Director Ioan C. Toma lets blood flow and in between sprinkles nibbles with humor. And for the first time I experience the use of a video camera in the theater not only as absolutely conclusive, but downright masterful. An excellent team is gathered around the outstanding Andreas Puehringer: Stefan Lasczkovics is particularly popular as Buckingham, Eckart Schönbeck slips and dies in various roles, Ingrid Höller intrigues as Lady Macbeth, Margot Binder remains a little pale as Lady Anne, but she is allowed to act as Richard's mother literally made a grand entrance.

Fascinating look into the anatomy of evil

Birgit Thek, Neues Volksblatt, 09/11/2004

Phoenix Theater moves between Shakespeare's "Richard III." and "Macbeth" a successful "axis of evil"

Shakespeare looked like no other playwright into the depths of the human soul. Director Ioan C. Toma took the risk of capturing two of the poet's greatest villains in "The Axis of Evil" as he did his fusion of "Richard III." and calls it "Macbeth".

Brilliant double game in flickering alternation The Linzer Phönix is ​​always good for experiments - and Toma used the possibilities wisely. With convincing logic he intertwines the storylines, both of which are characterized by murder and greed for power. With different signs:

Richard III knows exactly what he wants when he clears his opponents out of the way without any inhibitions. But Macbeth hesitates between the desire for the throne and the shudder at the blood on his hands.

Andreas Puehringer masters the seamless change from one to the other with admirable bravura. With a diabolical smile, his physically and mentally crippled Richard turns the audience into confidants of his deadly intrigues. As Macbeth, he is driven on the treadmill - in the narrow cage of his torments of conscience, which become doubly clear as a projection of his facial features in close-up (just as set designer Erich Uibelacker differentiates the space for the two levels of action in an intelligent spatial manner).

Toma's staging is based not only on his leading actor and the timeless validity of Shakespeare. She creates haunting images such as the use of playing card figures for the slaughtered victims, without getting lost in dull actualisms. The collage condenses the wealth of figures in both works to four actors in several roles: Ingrid Höller, as Lady Macbeth the driving force at her husband's side and as Richard's hooker-like victim; Margot Binder as Lady Anne, who is unable to fully convey the rapid change from the grieving widow to the murderer's bed; Eckart Schönbeck et al. as a deluded Hastings; and Stefan Laszkovics, who especially made a name for himself with the Duke of Buckingham as Richard's cunning accomplice.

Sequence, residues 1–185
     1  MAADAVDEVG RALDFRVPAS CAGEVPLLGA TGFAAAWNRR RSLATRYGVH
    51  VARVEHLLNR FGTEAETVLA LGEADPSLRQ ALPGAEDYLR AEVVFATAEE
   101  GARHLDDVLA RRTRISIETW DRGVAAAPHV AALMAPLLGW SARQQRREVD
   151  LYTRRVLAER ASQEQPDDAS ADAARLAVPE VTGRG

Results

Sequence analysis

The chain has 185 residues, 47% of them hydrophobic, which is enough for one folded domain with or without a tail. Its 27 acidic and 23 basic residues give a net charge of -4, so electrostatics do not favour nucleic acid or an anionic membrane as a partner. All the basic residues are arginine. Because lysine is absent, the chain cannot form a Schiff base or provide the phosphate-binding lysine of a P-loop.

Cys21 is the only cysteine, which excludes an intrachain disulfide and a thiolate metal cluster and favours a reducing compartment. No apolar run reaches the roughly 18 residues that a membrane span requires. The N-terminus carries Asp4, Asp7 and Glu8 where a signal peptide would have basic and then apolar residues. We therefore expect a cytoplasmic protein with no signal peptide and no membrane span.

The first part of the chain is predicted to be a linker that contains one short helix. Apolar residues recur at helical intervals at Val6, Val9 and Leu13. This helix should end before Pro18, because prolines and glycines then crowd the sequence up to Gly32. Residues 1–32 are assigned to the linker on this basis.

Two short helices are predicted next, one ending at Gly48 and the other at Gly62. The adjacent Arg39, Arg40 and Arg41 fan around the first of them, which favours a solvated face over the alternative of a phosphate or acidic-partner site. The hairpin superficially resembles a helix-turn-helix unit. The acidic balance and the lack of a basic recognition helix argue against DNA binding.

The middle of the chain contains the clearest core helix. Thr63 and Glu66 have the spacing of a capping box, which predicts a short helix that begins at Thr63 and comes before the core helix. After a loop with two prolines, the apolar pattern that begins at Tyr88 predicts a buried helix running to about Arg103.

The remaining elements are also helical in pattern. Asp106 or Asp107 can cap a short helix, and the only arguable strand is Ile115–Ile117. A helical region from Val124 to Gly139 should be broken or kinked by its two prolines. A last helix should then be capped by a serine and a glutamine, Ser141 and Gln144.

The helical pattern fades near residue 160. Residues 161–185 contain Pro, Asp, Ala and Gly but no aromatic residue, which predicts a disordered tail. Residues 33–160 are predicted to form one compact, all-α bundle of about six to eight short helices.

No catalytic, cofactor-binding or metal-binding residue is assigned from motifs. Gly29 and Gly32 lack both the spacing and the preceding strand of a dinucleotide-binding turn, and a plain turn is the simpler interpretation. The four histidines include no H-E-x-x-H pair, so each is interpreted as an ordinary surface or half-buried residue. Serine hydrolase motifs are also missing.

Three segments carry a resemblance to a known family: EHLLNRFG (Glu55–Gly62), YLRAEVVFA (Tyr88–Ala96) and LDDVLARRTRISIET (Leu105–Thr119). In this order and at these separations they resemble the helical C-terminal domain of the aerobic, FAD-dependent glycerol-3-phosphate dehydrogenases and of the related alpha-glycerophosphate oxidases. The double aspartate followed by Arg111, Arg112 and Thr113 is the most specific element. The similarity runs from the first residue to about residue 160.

The applause from the audience at the premiere on Thursday evening particularly appreciated Puehringer and the successful production.

The axis of evil

Christine Dössel, Süddeutsche Zeitung, September 11, 2004

“Richard III” meets “Macbeth” at the Phönix Theater in Linz

Radical Evil: Where Does It Come From? Where is its origin? What is his land? These questions, which Hannah Arendt once asked, are also preoccupied by director Ioan C. Thoma at the Phönix Theater in Linz. Unlike Arendt, who claimed it had nothing to do with psychological - Macbeth - and characterological - Richard III. - Thoma traces the abysmal evil with the help of these two Shakespeare monsters and their different motivations. In his project “The Axis of Evil” he contrasts the two title characters in an extract version and pulls the roots out of “Richard 3: Macbeth”. The result is not the core of all evil, what Arendt referred to as the “super-sense and its absolute logic and consequence”, the result is just a murderous spectacle, a theatrical rogue show. Infinite injustice: Because the nasty is so fascinating.

For the premiere in Linz, Erich Uiberlacker built a black box stage in the small Phoenix Theater. Above it is a black canvas, lined with red variety light bulbs. The canvas is reserved for the regicide Macbeth. Whenever he struggles down on a fitness treadmill in a box between the steps, his face appears above in a colored video close-up. It is the face of a driven person who, kicking like a hamster in a running wheel, gets lost in his own nightmare. Macbeth is himself his greatest adversary. Once he has set the mechanism of killing in motion in order to become king, he must continue to kill compulsively in order to remain king. The original sin, the murder of Duncan, can no longer be resolved. It acts like a poison, it paralyzes and Macbeth makes the world appear as if in a fever. Andreas Puehringer's poetic monologues, which, despite all nihilism, are backed by remorse, have the strongest power in this performance. Here one suffers more in himself than in the world. Here the evil works back on the evil, and the theater dares a look into the abyss of man.

Fascinatingly cynical

Quite different with Richard III., The brilliant player who declares himself the villain by will and approaches every murder with pleasure and calculation. The director is so fascinated by this cynic that he doesn't even try to grasp him as a character, but is content with the assertion that Richard as a character has always brought with him. In the Richard scenes, for example, there is a director who enthusiastically chases after the villain as an exemplary type and celebrates amorality with a striking gesture: as a murder gag with cabaret and western shows, with radio announcements and playback singing. Cardboard comrades are riddled with holes, balloons are chopped up, corpses dumped. Andreas Puehringer, who switches back and forth between the two title villains in this short version of the double drama, merely caricatures Richard: as a one-armed crooked hump who commits all murders with his own hands and does not even have to offer anything like charm. The theater still pisses him off. In the end he remains the evil one from the root. It just happens that the bad wins.